Alcohol: another bad habit needing action
Over the last few weeks, I have been heartened by report after report showing that New Zealand is turning the tide on the socially hazardous habit of smoking. Not only are people giving up at an increasing rate, we also have a whole generation of young people actively choosing a smokefree future.
While it is fantastic news that we are making progress towards achieving our goal of Aotearoa being a smoke-free nation by 2025, I cannot help but think of our other bad habits that we also need to kick in order to create real social transformation in this country.
One that really stands out is alcohol.
This week I received an email from a group called Alcohol Action NZ, lobbying us as politicians to get tougher on alcohol reform. Their message was clear: 1. Public support for alcohol reform is very high, 2. Alcohol harm to others is very high and children are particularly vulnerable.
The group reminded me that if we are serious about addressing whanau wellbeing and children’s wellbeing, then we must address the alcohol issue in this country.
They told me that while the Alcohol Reform Bill was a start, we need to do more than raise the alcohol purchase age. We need to address the pricing, accessibility and advertising. We also need to do more to address the issue of drunk driving.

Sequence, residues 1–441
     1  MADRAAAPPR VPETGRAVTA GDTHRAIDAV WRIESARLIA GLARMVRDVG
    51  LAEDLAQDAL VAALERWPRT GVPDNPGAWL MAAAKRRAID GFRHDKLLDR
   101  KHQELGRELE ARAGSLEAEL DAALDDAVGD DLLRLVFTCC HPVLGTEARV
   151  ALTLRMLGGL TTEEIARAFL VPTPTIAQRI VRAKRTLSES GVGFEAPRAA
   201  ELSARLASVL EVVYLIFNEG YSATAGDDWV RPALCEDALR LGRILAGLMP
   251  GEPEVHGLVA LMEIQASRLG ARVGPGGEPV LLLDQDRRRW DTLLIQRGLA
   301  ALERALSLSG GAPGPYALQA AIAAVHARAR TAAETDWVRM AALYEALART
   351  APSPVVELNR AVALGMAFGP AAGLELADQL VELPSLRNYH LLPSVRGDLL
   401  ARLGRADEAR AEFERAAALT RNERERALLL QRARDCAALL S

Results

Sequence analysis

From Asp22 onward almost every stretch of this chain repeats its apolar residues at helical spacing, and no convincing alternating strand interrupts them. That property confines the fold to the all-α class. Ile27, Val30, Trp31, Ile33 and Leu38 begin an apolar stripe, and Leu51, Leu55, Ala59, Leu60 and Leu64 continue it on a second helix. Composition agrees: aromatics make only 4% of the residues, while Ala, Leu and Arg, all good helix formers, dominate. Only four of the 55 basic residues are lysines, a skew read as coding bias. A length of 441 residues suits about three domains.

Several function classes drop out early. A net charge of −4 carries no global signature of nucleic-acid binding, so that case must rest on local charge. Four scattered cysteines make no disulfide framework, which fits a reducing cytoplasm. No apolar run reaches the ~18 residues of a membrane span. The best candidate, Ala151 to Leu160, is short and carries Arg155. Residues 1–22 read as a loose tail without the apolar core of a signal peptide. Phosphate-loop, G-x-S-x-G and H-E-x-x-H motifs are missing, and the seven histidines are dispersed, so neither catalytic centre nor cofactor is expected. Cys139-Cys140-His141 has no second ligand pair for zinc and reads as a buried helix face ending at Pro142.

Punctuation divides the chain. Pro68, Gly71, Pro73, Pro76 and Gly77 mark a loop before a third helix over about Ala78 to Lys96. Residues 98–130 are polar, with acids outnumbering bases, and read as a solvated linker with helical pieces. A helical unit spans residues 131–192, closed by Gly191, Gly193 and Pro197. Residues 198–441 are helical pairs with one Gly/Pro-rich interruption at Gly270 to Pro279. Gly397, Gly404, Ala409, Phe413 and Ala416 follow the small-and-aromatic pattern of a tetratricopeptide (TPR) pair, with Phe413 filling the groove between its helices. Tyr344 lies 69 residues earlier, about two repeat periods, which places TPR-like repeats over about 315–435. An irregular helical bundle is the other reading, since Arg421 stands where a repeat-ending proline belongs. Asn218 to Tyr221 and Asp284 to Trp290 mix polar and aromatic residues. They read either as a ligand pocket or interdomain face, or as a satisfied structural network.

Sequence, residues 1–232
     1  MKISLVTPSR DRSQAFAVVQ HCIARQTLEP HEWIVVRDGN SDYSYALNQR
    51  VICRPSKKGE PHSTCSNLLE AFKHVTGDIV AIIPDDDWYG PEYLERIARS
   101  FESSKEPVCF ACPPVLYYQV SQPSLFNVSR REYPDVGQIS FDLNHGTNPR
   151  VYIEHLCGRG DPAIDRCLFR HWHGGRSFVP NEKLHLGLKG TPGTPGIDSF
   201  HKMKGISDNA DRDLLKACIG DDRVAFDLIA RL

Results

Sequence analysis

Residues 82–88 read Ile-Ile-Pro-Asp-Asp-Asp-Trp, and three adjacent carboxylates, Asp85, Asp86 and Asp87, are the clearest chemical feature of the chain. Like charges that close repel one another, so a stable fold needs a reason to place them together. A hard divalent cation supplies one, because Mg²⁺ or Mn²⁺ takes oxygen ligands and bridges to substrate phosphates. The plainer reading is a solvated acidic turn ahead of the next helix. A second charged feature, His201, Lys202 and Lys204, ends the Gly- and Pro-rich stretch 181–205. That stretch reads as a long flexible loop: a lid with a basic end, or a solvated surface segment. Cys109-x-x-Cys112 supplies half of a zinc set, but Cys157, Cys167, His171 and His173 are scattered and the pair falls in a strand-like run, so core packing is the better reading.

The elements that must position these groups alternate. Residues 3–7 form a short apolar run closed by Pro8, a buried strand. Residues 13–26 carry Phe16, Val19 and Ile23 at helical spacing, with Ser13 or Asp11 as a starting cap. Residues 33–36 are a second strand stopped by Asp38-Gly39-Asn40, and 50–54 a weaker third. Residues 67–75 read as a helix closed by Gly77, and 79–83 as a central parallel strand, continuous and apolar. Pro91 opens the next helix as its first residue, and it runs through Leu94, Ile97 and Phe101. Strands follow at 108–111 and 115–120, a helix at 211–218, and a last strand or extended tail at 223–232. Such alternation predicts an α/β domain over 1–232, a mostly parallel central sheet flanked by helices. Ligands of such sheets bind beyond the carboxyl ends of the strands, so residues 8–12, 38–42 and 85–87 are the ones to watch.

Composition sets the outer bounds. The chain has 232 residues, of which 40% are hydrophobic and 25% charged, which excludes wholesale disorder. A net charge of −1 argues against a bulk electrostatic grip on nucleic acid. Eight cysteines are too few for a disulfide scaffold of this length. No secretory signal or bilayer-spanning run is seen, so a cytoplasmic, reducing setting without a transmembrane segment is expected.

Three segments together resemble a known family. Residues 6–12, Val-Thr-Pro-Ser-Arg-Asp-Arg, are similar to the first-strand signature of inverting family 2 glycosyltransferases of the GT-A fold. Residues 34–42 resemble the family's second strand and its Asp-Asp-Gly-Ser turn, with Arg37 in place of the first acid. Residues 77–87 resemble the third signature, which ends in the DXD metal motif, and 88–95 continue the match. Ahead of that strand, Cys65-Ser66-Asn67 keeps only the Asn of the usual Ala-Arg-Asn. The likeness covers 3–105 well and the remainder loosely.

I want to say here, that I support all of these suggested measures. The Maori Party worked hard to influence the development of the Alcohol Reform Bill and I know our advice helped to shape the legislation put before the House. But we can do more.
I have seen, through our work in the area of tobacco reform, that we can make a real difference if we choose to do so. The old adage goes, where there is a will there is a way. And I personally plan to get tough on alcohol.
It is a substance that is more than just harmful to an individual, it is harmful to whanau and to communities. Alcohol harm costs us $5 billion a year and the statistics paint a grim picture of nation. One in six adults has a potentially harmful drinking habit; three out of every four Maori adults are drinkers, with one of those three identifying themselves as binge drinkers; 300 alcohol related offences occur every day and one third of all police apprehensions are alcohol related.
This is why, as a nation, we must address these relentless social hazards within our community. We can turn the tide and we can start a movement that can change the future for many of our whanau in Aotearoa.
If we can do for alcohol, what we have done for smoking, then we can transform the future of this country, for the benefit of our tamariki and mokopuna.